Saturday, August 23, 2014

feminism: it should be about empowerment

Motherhood is falling further and further down the list of priorities.  For some, it's not a priority at all.  And for a growing minority, it's something that shouldn't be on anyone's priority list.  Ever.

It's a sentiment I've heard - expressed and implied - in classrooms, on blogs, and through various interactions with my peer group.

[Spoiler Alert: No moms means no babies.  Bye-bye, human race.]

I am all for women's rights.  I feel a deep sense of gratitude for the women who made it possible for me to vote and have a voice.  I am beyond grateful that I was able to obtain a college education and degrees that have become priceless to me.  I appreciate the ever-narrowing chasm of equality in the workforce.

What I don't appreciate, however, is the feministic notion that motherhood (and perhaps stay-at-home motherhood in particular) is an obstacle to be overcome in the pursuit of equality.  The word "equality" is, ironically, often used to dictate that there is only "one right way."  In my stay-at-home-mom-and-therefore-lesser opinion, feminism is - or at least should be - about empowerment.  It's about empowering women to do whatever it is that they dream about doing.

Sometimes that means accepting that someone's dream might be different from your own.  From the societal norm.  From what's socially acceptable.

Socially acceptable.  

Fifty years ago, half of the marvelous and magnificent accomplishments of women today would have been considered socially unacceptable.  Only stay-at-home-motherhood would have been acceptable.  Anything "less" would have been an affront to women throughout the world.  And today?  It's completely reversed.  Stay-at-home moms are the brainwashed, uneducated swine that produce brainwashed, uneducated piglets.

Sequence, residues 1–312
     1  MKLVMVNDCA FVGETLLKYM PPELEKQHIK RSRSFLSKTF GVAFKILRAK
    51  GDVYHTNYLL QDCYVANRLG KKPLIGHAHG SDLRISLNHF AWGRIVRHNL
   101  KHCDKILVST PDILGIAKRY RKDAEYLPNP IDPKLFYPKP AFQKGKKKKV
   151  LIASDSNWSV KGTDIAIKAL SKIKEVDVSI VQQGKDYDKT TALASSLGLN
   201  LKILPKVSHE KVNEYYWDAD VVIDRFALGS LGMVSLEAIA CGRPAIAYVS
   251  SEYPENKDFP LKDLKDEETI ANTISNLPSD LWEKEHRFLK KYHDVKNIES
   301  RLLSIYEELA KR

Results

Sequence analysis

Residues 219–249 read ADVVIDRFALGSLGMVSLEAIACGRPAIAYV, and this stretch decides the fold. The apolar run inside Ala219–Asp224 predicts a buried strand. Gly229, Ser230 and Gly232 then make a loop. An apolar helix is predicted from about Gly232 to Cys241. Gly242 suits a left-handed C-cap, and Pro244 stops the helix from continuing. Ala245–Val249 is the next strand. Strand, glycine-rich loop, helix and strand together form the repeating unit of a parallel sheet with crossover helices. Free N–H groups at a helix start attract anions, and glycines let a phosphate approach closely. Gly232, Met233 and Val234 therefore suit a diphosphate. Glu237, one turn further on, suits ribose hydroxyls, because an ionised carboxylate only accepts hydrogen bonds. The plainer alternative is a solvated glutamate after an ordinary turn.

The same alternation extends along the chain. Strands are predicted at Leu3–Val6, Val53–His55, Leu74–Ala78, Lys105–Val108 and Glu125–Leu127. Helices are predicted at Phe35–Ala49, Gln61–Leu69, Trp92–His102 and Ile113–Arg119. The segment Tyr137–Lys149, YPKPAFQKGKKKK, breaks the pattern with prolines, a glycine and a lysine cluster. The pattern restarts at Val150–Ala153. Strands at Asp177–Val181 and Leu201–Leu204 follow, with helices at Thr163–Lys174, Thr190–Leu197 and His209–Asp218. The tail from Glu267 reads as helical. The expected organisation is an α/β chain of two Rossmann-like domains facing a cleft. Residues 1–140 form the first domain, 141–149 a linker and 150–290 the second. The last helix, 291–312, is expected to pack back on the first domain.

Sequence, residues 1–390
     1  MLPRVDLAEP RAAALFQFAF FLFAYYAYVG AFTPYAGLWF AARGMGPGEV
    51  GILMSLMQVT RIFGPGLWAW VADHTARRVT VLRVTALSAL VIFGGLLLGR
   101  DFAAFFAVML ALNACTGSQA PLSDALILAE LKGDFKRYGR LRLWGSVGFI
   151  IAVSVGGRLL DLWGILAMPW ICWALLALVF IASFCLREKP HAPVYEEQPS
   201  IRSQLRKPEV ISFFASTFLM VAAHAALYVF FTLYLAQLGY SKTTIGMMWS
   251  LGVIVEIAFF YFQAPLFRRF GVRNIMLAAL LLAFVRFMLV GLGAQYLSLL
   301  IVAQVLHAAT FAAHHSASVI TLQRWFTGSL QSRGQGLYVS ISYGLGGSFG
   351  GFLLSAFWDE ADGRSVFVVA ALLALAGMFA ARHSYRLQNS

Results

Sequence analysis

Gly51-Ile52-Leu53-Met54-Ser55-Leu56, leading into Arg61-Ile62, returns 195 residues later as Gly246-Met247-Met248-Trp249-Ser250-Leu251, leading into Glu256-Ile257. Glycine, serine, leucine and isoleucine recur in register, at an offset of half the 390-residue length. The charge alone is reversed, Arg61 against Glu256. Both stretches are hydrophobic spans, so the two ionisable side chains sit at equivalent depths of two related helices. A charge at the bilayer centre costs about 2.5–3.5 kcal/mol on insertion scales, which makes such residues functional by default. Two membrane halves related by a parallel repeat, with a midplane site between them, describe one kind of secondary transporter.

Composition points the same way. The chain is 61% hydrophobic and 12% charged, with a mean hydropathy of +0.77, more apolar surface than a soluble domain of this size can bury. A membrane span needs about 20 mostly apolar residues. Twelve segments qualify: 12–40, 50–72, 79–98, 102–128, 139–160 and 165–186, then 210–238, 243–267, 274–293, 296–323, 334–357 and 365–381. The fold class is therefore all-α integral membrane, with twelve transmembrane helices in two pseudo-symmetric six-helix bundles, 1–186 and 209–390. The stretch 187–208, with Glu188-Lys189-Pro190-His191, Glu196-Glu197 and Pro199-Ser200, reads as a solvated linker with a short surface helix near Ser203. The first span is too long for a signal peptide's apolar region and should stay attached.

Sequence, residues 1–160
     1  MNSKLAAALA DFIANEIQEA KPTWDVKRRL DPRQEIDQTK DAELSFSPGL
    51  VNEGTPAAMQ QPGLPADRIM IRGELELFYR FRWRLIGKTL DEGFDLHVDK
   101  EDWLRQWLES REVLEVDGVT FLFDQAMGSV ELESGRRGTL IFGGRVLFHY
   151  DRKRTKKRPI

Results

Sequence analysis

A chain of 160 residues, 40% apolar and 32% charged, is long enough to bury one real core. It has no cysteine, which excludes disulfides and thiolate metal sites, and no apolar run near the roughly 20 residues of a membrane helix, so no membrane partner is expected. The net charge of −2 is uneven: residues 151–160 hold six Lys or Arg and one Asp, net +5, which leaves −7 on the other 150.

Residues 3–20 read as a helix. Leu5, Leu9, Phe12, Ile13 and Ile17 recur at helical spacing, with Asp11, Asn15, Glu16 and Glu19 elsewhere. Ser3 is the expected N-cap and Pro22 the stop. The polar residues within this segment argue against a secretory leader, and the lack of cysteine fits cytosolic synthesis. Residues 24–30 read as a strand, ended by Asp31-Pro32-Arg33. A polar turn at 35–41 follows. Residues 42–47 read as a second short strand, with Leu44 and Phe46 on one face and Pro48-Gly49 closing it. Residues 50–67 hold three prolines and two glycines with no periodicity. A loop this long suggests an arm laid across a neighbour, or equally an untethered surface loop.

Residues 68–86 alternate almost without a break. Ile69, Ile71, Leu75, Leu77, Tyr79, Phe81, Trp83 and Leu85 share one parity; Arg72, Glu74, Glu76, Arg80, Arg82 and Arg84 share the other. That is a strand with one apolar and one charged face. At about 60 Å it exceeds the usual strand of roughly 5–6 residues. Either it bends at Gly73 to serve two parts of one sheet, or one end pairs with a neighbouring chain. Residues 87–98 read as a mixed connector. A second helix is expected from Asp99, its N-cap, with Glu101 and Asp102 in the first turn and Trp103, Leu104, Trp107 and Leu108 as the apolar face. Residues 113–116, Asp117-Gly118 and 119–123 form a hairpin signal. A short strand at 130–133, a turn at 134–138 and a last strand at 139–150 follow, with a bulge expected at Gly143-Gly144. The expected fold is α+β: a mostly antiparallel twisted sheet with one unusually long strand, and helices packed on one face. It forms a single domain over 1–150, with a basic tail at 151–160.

If you are a woman who doesn't want to have kids and hopes to eradicate cancer, good for you!  If you are a working mom who also just happens to be a politician, I'm impressed!  You're both amazing.  Seriously.  I am indescribably grateful for the difference you make in this world.

But please understand that those aren't every woman's dreams.

My dreams have changed throughout the years, but right now, they are definitely about staying home every day with my beautiful, brown-eyed little girl.  I have never felt more myself than I do when I sit on the floor reading books about cows jumping over the moon, or walk hand-in-little-hand through the grass as we learn together about the sky and the water and the birds.

One of my favorite quotes reads:

"Through the thick and the thin of this, and through the occasional tears of it all, I know deep down inside I am doing God’s work. I know that in my motherhood I am in an eternal partnership with Him. I am deeply moved that God finds His ultimate purpose and meaning in being a parent."  (source)

It's one of my favorites, because it's one of those times that a quote resounds so deeply in your heart that you're surprised you didn't say it yourself.

I believe in God.  I believe that He has a plan for me.  

And I am eternally grateful that His plan for me includes being a mother.

It may not for you, but it (more-than-happily) does for me.

Let's support each other.

3 comments:

Unknown said...

I love this Katie! It's exactly how I feel. Being a mom is equally (or dare I say more) important and gratifying than anything else I could be doing. Jamie

Carolina said...

This is an excellent post. As a Mormon feminist, I find it appalling how much women are starting to hate marriage, children, and then men in their lives, or in general. In my honest opinion, most of these modern feminists aren't feminists at all, because feminism should be so much about women as it should be about the men as well. It's very sad the direction our society has taken in this respect. Thank you for your thoughtful, respectful post on this delicate subject.

Katie Elizabeth Hawkes said...

You are a smart one! Seems like the people with the most extreme ideas in both camps somehow seem to always get heard the loudest, right?? Feminism should be about women doing whatever they choose to do...whether that's "traditional" or "progressive." It's all good if it feels right/good to them. Good work and....amen.